German authorities take son away from Russian academics
MOSCOW, March 1 - RAPSI. Russian-born Dr. Valery and Dr. Julia Gritsak-Groener are trying to reclaim their son William-Valery from the German authorities, who took the boy into custody last October after learning that the Gritsak-Groeners plan to return to Russia, Izvestia newspaper writes.
According Valery Gritsak their family was waiting for the train at the station in Stuttgart where Valery was invited to give a series of lectures at the University.
"We decided to wait until morning at the station. Here we saw one of the station workers, who told employees Yugendamt that family spends the night with a baby in the waiting room," says Gritsak.
Since that German juvenals have kept an eye on the family. Employees of the Stuttgart branch Yugendamt checked scientists who have settled in a local hotel, and demanded that they immediately got a permanent home and took a nine-year William to school. A month later, the boy was taken to a shelter.
On October 30, 2012, the Stuttgart Family Law Court stripped the Gritsak-Groeners of their parental rights, concluding that "the parents have a strange outlook on life that has a negative effect on their child."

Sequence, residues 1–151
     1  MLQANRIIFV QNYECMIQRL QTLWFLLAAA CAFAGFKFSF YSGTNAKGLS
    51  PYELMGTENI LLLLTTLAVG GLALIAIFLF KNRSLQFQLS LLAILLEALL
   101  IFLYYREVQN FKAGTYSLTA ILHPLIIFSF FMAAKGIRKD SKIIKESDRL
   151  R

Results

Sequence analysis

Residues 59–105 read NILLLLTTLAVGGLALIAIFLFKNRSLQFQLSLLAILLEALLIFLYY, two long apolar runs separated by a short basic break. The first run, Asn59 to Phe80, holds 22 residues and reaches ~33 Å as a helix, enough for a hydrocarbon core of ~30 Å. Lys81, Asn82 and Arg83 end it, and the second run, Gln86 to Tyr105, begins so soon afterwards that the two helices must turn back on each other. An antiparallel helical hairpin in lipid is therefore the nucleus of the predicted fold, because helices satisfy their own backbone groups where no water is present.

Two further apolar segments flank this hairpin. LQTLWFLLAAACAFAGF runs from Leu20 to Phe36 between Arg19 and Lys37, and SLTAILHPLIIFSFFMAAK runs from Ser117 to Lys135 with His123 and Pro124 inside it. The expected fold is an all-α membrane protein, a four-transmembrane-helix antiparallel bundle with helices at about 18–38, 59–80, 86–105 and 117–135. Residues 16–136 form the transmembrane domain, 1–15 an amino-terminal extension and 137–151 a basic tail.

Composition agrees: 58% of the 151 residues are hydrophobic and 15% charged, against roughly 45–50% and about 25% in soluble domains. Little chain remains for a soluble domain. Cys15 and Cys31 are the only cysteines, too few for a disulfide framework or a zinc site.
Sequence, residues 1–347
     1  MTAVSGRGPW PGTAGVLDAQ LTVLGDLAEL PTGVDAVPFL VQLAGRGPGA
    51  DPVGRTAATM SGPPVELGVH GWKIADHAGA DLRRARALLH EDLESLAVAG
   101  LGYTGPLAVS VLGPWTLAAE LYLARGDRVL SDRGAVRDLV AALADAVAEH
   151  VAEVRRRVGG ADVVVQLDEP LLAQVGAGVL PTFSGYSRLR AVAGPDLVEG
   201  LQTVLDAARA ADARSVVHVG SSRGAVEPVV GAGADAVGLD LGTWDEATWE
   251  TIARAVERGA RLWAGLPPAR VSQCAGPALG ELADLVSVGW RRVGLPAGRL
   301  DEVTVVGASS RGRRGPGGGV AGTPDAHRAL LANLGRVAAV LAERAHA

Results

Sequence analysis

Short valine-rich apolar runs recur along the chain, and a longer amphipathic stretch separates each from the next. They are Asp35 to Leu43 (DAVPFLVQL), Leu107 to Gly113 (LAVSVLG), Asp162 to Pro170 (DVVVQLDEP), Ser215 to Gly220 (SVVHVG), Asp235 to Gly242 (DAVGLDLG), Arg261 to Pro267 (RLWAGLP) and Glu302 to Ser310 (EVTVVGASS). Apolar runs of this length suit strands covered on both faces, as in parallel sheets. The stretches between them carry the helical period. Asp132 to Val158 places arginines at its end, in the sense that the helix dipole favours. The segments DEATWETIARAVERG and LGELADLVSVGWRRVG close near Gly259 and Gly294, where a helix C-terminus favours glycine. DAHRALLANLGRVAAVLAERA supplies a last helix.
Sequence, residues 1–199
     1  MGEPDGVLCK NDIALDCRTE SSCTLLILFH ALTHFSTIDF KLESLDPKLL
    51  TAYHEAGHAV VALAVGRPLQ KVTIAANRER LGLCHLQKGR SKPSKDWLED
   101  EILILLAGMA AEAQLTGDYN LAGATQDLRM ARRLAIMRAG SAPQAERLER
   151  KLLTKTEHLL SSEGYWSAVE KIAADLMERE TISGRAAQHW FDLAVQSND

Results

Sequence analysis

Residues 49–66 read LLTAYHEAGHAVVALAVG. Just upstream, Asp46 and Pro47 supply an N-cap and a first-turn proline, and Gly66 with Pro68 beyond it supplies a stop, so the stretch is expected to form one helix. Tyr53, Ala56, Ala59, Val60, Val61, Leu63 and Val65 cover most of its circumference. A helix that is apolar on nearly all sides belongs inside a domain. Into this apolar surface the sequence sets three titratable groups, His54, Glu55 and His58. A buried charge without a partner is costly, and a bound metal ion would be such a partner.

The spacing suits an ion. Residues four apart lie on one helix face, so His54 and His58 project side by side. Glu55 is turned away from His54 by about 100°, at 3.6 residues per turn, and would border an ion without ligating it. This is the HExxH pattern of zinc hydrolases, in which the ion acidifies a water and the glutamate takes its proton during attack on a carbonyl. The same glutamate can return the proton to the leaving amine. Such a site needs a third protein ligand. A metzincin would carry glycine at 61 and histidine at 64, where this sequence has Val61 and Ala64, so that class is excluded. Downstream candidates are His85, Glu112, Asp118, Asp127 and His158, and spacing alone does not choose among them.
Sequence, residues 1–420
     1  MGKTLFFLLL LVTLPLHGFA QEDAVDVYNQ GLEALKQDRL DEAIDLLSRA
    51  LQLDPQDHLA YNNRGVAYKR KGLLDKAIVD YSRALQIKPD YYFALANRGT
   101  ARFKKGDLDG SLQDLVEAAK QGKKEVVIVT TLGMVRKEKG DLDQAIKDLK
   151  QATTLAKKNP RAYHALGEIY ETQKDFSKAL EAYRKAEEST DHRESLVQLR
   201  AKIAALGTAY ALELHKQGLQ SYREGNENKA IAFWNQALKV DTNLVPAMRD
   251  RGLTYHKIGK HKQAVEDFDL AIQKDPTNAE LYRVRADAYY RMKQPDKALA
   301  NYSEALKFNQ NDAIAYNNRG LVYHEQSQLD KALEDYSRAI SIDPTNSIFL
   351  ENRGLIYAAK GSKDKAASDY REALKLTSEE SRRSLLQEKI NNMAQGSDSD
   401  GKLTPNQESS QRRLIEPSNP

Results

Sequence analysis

Valery Gritsak-Groener told Izvestia their lawyer "is trying to appeal this decision, but he has so far been unable to obtain the necessary documents."
He said the Stuttgart prosecutors are investigating the allegation of sexual harassment facing a matron at the Weraheim Boarding School in regard to one of the girls living there. The matron has also been appointed to look after William-Valery and so the father fears for his childs life and health.
Recently the staff at Weraheim Hebsack, where the boy had been living for the past six months, said the Gritsak-Groeners would never see their child again.
Valery Gritsak-Groener said that Jugendamt, a German office for youth similar to the Child Protective Services in the US, is believed to be one of the toughest in the world.
Over the past few months, the Gritsak-Groeners were only allowed to see their son for two hours per week in the presence of the boarding house staff. They have appealed to the Russian authorities as their last resort.
Doctor of physical mathematics Valery Gritsak-Groener was born in Murmansk in northern Russia. He holds a Soviet state prize for an information and mathematical project (early 1980s), an international prize for mathematicians from the Hungarian Academy of Sciences, and four NATO prizes. He is the author of 43 books and 600 research papers.
In 1987, Valery and Julia Gritsak-Groener left Russia for Europe. There they worked with the European leading universities. In 2012 they decided to return to Russia and began to prepare for their departure.